No End in Sight
Anyone can be a barbarian; it requires a terrible effort to remain a civilized man.
Crucially, Putin seems not to care about casualties in his ranks.
-David Remnick, The New Yorker, 2/19/23
"The world came to Ukraine, and Ukraine became the World," Peter Zalmayev writes in an essay about the war for Meridian Czernowitz Magazine of International Literature. A month into the war, his copy of The New Yorker arrived with a cover illustration of Zelensky holding up the blue-and-yellow flag. A political analyst based in Kyiv, and fluent in English, Peter quickly became a regular spokesperson on BBC and CNN International. In April 27, 2022, Hudson Valley One published a photo of him on its front page holding the "Russian Warship, Go Fuck Yourself" postage stamp accompanying an article by this reporter.
With the one-year anniversary of the war approaching, I caught up with Peter on Facebook Messenger as he was departing the Munich Security Conference and returning to Kyiv. We spoke on the eve of Biden's surprise visit to the capital, which bodes well for continuing support, despite naysayers in the US and the EU. Peter promised to read David Remnick's New Yorker interview (he's a subscriber!) with Russian scholar, Stephen Kotkin, and let me know his thoughts about a "golden bridge of retreat" still not being in sight after one grueling, tragic year of war. In that year, more than five million Ukrainians are in exile, the country faces a wrecked infrastructure, and an estimated 250,000 Ukrainians and Russians have been killed.
No writer can sum up the atrocities of this war perpetrated by Putin and his criminal cohort, so I will express my concern here by paying tribute to the fortitude of Peter Zalmayev and his friends, family and colleagues in Ukraine. They, among many, have been, and remain, stalwart freedom fighters, relinquishing the safety of the EU after attending the Munich conference to return to Kyiv—under guard—to continue living and working through its continuing rolling blackouts, air raid sirens, air raid shelters, and loved ones still living far away. Recently, Peter's gym was destroyed by shock waves after a missile strike on a nearby building. The playground where his children used to play was destroyed some months ago. None of this wartime turmoil and destruction has eased.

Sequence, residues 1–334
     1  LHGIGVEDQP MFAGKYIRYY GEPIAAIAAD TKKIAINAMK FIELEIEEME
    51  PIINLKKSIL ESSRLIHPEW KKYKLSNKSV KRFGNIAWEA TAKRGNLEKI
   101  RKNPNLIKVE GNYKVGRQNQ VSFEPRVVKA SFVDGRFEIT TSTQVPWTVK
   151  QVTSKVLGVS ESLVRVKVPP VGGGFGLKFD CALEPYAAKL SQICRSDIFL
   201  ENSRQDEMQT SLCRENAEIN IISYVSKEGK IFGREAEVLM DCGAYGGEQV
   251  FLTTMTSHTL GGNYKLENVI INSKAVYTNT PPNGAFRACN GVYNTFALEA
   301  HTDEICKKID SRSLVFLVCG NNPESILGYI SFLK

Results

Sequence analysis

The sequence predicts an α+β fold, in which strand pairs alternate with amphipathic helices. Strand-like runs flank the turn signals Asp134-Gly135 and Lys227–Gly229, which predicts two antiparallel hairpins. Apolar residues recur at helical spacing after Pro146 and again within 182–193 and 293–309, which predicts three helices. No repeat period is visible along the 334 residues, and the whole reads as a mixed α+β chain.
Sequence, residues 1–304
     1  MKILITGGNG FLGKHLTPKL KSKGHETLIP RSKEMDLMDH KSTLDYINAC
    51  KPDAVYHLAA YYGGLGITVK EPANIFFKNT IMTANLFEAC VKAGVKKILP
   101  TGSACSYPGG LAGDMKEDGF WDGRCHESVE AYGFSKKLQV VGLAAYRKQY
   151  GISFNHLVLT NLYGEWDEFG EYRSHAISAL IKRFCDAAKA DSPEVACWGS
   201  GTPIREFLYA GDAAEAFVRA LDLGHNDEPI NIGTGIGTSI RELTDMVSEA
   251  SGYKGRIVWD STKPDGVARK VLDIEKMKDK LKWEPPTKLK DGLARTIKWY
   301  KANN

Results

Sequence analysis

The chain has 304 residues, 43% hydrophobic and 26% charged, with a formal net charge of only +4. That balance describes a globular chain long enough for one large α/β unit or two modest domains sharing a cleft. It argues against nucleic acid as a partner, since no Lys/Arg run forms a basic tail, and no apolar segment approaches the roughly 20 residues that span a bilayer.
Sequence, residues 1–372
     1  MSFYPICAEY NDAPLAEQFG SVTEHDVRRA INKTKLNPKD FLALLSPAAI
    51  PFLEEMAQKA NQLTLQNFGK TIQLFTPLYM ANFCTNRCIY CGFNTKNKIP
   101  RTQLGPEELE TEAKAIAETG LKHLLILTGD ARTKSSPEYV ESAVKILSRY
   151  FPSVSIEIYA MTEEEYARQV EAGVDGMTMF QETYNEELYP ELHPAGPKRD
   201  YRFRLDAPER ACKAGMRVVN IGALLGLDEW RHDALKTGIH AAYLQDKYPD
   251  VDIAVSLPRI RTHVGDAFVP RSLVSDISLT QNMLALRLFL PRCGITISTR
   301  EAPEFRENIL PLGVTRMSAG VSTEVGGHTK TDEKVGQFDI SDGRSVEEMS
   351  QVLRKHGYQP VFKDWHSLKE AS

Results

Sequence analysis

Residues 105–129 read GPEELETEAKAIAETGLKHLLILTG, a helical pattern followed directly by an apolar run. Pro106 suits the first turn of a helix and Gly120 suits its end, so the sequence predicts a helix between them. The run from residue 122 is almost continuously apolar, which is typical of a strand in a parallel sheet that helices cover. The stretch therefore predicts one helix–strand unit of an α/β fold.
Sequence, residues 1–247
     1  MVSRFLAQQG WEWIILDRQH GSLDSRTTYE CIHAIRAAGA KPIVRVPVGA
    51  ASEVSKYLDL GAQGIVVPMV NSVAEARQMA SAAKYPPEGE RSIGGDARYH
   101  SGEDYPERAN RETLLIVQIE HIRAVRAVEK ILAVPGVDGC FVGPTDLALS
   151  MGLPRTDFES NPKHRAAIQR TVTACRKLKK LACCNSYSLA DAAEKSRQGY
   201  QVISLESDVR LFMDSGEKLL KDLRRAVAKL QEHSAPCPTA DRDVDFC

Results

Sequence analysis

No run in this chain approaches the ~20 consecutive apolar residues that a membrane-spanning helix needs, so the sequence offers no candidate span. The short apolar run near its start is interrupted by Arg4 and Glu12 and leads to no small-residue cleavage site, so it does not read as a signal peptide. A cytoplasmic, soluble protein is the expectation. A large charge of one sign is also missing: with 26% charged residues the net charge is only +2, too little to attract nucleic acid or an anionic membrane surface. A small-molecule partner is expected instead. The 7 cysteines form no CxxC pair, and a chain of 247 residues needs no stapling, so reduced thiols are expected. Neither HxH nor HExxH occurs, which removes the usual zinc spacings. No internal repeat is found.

Peter traveled to Munich with his photographer friend, Alex Zakletsky, who took the haunting black and white photo of Peter in his pork pie hat. Peter looks weary and a bit older than when I last saw him; surely the constant stress takes its toll. Or maybe he's just travel weary. He is still an energetic interviewer in three languages—Russian, Ukrainian, and English. He grew up in Russian-speaking Donetsk, a major industrial city in the Eastern Donbas region of what was then-Soviet Ukraine, now under siege in Russia's offensive. In fact, as Peter always reminds me, Ukraine has been at war with the Russian Federation since they invaded in 2014, taking Crimea and occupying nearly the whole of the Donbas region.
I wonder how he rests and relaxes, and then I turn to his Facebook page. The answer is there in the photos of him chatting and drinking with friends after his broadcast of "This Week," his smile radiant, his laughter and determination palpable. Looking back on the past year, he says, being in Ukraine during the early days of the conflict was like being part of a large, extended family, all united in their struggle. That feeling has not dissipated; if anything it has strengthened.
In addition to Peter's job as a broadcaster, he is also the Director of the Eurasia Democracy Initiative, an international non-profit organization dedicated to the promotion of democracy and human rights in post-Communist transitional societies of Eastern and Central Europe, the Caucasus and Central Asia.
The war in Ukraine, the resistance of its people, has inspired other decolonization efforts. Leaders and activists of other national movements, including those from the North Caucasus, are discussing the prospects of independence from Russia following the end of the war with Ukraine. In a recent forum, a declaration was adopted which outlines the principles of self-determination. It states the need for direct dialogue between the European Union and NATO states with regional and national movements.
This war, this awful war, is already exceptional in its intensity, threatening as it does all of Europe and beyond. In order to accept the necessity of pushing the Russians out of Crimea as well as the Donbas, it means we also have to accept that there may be no end in sight for a while, and that expensive, precision weaponry is required to thwart Putin's savagery.
If we consider the war in Ukraine to be a just, necessary war, as just and necessary as the war against Hitler, it may be easier to support its continuation and resist the temptation of the "enough is enough" refrain, or worry about how much American aid to Ukraine is adding to our national debt.